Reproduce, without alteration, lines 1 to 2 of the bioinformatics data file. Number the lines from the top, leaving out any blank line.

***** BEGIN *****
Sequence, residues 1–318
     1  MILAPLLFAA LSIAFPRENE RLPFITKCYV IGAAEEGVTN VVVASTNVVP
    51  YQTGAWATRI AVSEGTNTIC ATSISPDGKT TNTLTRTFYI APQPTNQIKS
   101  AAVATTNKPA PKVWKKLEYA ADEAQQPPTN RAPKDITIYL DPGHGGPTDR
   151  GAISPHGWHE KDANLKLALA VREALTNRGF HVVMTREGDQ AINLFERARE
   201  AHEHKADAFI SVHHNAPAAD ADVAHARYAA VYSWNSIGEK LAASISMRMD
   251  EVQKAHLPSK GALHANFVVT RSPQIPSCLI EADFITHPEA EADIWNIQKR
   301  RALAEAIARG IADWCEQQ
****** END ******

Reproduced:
Sequence, residues 1–318
     1  MILAPLLFAA LSIAFPRENE RLPFITKCYV IGAAEEGVTN VVVASTNVVP